Metal tariffs could exclude NAFTA partners
Date: Friday, March 9, 2018
Source: American Shipper
Pending broad tariffs on steel and aluminum expected to be rolled out in the next few days will include “potential carve-outs for Mexico and Canada based on national security, and possibly other countries,” said White House Press Secretary Sarah Sanders on Wednesday.
Sanders said it’s now expected that Trump will sign “something by the end of the week” to activate the tariffs, but earlier in the week said an official proclamation could alternately be finalized early next week.
Last Thursday, Trump announced his intention to assess global tariffs of 25 percent on steel imports and 10 percent on aluminum imports, pursuant to separate “Section 232” investigations led by the Commerce Department into the national security impacts of steel and aluminum imports completed earlier this year.
Section 232 of the Trade Expansion Act of 1962 allows the President to assess tariffs, quotas, and other remedies to respond to imports that executive branch reviews determine are detrimental to national security.
On Wednesday, 107 House Republicans sent a letter to Trump, calling for remedies to be narrow and exclude all fairly traded products and those “that do not pose a national security threat.”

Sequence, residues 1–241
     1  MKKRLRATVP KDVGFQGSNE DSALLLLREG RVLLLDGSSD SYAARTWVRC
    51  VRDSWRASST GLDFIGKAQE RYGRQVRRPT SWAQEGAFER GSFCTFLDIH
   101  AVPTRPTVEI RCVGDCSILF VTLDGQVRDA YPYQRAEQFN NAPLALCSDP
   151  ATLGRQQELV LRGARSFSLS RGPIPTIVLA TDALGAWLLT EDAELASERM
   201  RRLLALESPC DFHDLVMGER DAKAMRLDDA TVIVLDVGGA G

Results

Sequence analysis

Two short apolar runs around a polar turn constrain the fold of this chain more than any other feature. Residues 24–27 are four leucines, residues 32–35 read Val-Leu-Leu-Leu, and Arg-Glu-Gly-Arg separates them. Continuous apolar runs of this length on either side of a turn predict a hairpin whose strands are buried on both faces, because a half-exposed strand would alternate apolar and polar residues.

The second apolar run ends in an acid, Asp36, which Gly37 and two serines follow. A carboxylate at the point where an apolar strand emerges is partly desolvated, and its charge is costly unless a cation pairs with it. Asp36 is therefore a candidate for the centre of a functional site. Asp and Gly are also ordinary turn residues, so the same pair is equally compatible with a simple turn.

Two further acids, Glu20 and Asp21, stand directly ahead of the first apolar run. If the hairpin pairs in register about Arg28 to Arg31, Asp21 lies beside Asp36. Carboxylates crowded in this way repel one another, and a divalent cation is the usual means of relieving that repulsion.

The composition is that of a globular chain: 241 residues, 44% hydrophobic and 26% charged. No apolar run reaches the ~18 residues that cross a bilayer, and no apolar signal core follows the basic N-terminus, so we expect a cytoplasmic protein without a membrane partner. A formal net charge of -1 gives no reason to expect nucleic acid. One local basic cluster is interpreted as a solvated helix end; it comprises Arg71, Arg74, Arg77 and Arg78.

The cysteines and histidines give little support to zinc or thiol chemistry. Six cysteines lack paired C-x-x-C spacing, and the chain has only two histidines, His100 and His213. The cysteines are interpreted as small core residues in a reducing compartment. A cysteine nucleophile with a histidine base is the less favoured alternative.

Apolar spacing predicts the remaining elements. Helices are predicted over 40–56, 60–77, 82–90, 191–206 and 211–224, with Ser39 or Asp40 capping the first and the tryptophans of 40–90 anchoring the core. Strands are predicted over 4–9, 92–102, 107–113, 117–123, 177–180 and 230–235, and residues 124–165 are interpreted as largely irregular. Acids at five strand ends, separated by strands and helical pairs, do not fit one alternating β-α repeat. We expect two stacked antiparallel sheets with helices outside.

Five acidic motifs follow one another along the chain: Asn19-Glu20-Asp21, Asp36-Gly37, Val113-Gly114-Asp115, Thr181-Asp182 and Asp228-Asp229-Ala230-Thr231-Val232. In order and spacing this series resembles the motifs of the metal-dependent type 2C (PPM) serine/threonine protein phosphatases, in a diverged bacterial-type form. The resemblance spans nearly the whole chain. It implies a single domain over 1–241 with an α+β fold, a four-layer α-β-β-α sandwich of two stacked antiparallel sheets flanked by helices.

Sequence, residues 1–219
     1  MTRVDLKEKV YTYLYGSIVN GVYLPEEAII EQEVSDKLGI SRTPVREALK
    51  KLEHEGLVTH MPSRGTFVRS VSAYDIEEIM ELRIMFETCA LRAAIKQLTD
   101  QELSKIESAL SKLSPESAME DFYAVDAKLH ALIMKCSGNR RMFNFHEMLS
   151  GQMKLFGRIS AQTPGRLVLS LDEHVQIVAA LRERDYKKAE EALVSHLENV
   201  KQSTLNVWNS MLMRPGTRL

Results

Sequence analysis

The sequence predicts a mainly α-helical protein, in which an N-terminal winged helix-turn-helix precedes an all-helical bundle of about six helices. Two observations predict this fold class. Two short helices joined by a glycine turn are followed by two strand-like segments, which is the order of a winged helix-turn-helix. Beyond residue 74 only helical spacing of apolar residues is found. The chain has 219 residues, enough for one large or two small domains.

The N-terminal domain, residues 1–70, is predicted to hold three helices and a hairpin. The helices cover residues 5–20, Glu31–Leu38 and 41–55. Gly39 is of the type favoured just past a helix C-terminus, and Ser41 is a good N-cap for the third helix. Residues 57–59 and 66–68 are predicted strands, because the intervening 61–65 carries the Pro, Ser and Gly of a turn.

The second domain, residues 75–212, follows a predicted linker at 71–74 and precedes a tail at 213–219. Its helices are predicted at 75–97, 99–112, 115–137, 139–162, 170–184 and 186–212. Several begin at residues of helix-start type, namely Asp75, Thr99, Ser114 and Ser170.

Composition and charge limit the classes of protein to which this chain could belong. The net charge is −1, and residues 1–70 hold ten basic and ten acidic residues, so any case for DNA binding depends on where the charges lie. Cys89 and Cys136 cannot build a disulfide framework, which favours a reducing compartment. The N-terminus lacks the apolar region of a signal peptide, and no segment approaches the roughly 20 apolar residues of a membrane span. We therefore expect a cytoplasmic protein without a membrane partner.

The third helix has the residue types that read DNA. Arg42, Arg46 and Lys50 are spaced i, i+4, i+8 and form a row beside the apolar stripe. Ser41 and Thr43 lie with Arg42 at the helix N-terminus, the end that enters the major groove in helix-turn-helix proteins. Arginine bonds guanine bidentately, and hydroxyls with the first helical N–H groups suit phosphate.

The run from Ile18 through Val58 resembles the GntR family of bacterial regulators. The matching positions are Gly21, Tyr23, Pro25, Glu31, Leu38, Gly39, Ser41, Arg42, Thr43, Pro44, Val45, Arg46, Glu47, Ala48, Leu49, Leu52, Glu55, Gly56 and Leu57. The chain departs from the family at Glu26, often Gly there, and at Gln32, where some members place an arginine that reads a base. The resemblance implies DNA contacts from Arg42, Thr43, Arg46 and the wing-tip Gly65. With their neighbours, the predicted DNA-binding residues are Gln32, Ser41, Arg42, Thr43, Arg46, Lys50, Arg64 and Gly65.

The letter also called for a “robust exclusion process” to be “announced at the outset” to allow U.S. companies to petition for and “promptly obtain” duty-free access for imports unavailable from U.S. sources or otherwise present extenuating circumstances.
Republicans are calling for existing steel and aluminum purchase contracts to be grandfathered to allow duty-free imports and “avoid disrupting the operation and finances of projects” already budgeted and ongoing.
“We support your resolve to address distortions caused by China’s unfair practices, and we are committed to acting with you and our trading partners on meaningful and effective action,” the letter says. “But we urge you to reconsider the idea of broad tariffs to avoid unintended negative consequences to the U.S. economy and its workers. We are eager to work with you in pursuing a workable, targeted approach that achieves our shared goal.”
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